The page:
Biopics Ain’t What They Used To Be


In the old days, Hollywood effortlessly churned out glossy commercial vehicles about history makers like Louis Pasteur, Alexander Graham Bell, and Madame Curie–schoolbook-like material turned into films which, against all odds, managed to get good notices and an audience too.

And the biopic stayed fresh through the decades, with Oscar-type films about Gandhi, Malcolm X, Ali, Nixon, Erin Brockovich, Ray Charles, and Johnnie Cash all winning kudos, even if they by necessity molded the truth to fit the cinematic form.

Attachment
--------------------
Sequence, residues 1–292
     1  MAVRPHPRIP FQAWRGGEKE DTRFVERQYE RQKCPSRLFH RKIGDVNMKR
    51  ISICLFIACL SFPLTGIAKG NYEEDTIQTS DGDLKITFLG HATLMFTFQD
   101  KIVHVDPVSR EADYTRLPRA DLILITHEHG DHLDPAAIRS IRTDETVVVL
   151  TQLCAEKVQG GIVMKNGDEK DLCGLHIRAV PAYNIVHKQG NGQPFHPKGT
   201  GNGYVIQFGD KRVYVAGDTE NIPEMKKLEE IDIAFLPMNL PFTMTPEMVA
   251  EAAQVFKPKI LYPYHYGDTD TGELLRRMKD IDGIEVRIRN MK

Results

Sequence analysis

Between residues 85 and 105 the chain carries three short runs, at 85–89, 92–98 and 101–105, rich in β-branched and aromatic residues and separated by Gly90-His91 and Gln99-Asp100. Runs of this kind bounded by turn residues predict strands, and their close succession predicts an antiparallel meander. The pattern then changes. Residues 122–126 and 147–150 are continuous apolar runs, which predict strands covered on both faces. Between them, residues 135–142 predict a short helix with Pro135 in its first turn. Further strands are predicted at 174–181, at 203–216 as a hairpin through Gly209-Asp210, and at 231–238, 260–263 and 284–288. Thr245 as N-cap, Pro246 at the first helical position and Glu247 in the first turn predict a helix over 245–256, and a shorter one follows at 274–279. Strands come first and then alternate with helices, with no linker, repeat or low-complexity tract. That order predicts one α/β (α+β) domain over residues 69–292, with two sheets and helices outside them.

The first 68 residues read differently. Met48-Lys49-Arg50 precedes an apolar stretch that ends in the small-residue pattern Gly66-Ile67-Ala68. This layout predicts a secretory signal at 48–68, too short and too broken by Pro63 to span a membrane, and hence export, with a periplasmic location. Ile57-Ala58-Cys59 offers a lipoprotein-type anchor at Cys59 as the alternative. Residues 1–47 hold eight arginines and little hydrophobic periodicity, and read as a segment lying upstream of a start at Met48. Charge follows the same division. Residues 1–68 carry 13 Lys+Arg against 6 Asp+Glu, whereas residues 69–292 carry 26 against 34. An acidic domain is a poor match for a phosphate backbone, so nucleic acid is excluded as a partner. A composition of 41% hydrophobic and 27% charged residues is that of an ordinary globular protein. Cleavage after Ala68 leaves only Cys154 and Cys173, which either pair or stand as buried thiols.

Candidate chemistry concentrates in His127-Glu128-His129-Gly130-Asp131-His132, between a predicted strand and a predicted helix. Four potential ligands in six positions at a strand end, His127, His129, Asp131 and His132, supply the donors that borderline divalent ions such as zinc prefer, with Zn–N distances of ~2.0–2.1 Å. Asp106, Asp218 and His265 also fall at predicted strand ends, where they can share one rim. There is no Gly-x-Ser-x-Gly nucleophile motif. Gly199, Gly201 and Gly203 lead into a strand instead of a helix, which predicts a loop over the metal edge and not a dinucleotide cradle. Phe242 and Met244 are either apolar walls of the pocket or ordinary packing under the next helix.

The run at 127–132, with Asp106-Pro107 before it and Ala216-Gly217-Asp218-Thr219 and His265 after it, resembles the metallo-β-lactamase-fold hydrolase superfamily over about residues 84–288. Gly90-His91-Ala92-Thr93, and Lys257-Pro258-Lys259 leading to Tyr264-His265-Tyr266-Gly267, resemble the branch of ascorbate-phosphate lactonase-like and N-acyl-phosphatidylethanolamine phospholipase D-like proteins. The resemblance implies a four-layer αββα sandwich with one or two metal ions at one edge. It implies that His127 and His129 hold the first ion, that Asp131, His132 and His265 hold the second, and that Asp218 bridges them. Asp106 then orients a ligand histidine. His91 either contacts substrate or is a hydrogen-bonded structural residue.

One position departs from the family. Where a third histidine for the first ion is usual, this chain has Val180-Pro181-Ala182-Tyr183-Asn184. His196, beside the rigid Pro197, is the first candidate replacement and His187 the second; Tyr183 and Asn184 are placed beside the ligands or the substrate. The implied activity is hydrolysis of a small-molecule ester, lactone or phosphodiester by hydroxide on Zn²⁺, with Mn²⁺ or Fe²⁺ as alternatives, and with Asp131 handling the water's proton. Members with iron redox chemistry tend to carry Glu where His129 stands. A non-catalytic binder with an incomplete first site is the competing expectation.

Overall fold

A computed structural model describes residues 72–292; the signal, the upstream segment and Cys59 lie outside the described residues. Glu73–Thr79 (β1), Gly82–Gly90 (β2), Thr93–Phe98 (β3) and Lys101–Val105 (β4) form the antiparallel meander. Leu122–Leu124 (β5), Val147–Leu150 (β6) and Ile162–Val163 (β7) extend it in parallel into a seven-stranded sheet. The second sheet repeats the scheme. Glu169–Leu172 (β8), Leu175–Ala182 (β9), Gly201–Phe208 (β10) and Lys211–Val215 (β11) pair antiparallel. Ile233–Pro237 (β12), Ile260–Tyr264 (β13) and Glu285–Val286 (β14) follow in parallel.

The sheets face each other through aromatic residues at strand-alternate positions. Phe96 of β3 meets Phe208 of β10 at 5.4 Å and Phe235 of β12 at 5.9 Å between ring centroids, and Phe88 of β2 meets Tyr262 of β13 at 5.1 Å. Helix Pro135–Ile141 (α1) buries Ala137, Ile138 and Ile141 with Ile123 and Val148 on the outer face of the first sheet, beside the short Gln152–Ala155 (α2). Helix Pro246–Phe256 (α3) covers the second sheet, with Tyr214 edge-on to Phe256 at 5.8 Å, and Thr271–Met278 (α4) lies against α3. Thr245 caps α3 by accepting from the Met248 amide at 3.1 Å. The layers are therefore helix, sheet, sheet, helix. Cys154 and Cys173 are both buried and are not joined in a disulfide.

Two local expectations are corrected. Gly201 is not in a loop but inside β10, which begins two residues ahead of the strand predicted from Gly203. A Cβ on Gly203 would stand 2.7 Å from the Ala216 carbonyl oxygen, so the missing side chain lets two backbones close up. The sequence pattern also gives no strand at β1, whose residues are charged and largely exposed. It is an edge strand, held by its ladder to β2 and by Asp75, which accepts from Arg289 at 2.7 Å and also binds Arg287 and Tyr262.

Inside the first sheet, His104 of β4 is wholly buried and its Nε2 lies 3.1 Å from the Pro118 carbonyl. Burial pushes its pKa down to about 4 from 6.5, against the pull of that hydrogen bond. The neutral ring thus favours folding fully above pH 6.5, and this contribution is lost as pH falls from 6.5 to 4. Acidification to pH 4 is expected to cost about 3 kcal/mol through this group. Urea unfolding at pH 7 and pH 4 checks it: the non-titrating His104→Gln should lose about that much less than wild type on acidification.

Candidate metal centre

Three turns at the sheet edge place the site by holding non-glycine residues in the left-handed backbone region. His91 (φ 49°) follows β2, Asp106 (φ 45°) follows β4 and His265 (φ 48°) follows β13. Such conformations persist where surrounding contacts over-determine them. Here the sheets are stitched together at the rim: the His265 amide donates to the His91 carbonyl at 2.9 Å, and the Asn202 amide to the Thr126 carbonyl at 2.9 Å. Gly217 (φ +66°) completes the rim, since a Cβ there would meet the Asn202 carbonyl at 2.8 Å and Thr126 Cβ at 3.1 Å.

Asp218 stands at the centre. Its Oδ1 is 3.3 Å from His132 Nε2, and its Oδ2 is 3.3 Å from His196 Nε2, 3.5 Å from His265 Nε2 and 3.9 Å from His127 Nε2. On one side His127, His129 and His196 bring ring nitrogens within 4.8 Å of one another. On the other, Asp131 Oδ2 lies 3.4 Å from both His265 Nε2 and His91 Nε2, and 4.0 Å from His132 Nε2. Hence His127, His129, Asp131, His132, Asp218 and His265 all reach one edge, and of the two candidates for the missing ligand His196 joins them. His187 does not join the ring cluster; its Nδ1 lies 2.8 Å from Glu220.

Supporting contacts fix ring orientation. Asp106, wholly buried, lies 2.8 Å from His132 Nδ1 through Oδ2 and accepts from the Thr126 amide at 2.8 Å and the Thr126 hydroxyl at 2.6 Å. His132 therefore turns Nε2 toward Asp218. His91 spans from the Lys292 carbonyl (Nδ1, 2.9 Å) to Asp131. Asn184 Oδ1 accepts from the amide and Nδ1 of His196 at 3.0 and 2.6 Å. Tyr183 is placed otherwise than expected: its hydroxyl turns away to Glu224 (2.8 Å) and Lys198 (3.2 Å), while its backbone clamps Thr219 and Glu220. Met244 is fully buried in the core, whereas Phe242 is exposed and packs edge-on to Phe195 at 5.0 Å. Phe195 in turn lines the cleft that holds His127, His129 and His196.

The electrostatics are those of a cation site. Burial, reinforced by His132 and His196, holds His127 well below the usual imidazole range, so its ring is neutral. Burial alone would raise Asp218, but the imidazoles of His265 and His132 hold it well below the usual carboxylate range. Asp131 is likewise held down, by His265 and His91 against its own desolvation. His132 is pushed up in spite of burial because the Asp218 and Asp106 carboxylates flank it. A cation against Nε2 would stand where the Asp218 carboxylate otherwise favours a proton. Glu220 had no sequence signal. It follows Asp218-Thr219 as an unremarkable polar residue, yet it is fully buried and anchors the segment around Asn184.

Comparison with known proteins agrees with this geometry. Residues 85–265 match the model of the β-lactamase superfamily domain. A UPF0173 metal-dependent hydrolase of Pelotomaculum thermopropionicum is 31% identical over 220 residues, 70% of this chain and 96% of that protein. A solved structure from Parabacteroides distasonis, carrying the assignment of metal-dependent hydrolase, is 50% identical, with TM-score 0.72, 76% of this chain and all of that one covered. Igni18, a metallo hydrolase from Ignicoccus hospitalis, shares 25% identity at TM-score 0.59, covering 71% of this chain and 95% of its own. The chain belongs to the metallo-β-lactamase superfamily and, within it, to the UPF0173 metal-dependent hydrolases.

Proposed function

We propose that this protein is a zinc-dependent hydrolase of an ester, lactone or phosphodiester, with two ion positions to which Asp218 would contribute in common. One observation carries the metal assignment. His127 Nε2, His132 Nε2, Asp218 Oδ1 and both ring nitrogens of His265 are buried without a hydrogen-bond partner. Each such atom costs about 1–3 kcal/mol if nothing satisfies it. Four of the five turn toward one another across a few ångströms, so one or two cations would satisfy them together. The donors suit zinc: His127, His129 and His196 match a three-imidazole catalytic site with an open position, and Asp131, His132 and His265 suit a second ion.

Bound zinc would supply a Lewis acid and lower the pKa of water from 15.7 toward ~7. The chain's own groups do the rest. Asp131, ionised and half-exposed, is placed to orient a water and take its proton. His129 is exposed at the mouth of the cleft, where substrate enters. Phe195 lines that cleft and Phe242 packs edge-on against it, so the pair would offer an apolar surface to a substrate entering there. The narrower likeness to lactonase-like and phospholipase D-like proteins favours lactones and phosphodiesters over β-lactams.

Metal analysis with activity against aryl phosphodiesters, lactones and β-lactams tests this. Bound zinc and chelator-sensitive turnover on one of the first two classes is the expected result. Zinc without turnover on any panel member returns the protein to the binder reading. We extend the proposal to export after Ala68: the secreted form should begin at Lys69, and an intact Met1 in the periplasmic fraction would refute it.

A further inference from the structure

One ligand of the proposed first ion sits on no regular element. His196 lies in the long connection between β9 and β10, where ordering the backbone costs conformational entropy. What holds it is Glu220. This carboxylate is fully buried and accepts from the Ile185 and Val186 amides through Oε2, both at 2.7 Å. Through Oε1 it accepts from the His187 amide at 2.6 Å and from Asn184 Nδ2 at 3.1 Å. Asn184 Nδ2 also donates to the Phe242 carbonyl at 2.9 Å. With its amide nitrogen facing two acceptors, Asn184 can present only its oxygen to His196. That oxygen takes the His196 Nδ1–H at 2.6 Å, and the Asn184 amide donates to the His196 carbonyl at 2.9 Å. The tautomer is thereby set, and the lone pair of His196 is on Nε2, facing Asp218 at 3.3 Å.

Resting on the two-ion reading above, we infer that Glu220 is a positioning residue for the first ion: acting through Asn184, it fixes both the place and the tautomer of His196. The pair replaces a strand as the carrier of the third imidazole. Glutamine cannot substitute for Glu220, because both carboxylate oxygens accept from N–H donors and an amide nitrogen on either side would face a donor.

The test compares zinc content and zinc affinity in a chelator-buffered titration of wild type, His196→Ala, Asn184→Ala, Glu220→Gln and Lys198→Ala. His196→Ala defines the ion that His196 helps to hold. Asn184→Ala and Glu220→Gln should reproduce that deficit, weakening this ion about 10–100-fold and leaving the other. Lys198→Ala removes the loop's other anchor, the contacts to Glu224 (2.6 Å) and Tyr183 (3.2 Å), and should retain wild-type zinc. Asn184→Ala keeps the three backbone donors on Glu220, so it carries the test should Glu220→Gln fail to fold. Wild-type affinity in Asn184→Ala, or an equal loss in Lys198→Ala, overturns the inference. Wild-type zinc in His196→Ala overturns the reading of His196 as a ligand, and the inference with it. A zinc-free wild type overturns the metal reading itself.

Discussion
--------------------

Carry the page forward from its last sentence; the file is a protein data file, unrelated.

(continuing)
But this year the genre seems to have gotten swine flu.

Amelia just opened to anemic reviews, some critics suggesting that the presentation of aviatrix Amelia Earhart’s personal life is so blah only “Sully” could have kept it from blowing apart on crash-landing.

Coco Before Chanel, I thought, was a big bore–and who really cared about the designer’s private affairs, especially if they weren’t going to include her fascinating flirtation with the Nazi cause?

And Bright Star was a sensual look at John Keats’ love life, though throngs weren’t exactly queuing up to get a peak at the private side of a Romantic poet.

So what needs to be done to review the biopic? Bring Balloon Boy to the big screen, to the orgasmic delight of his dad?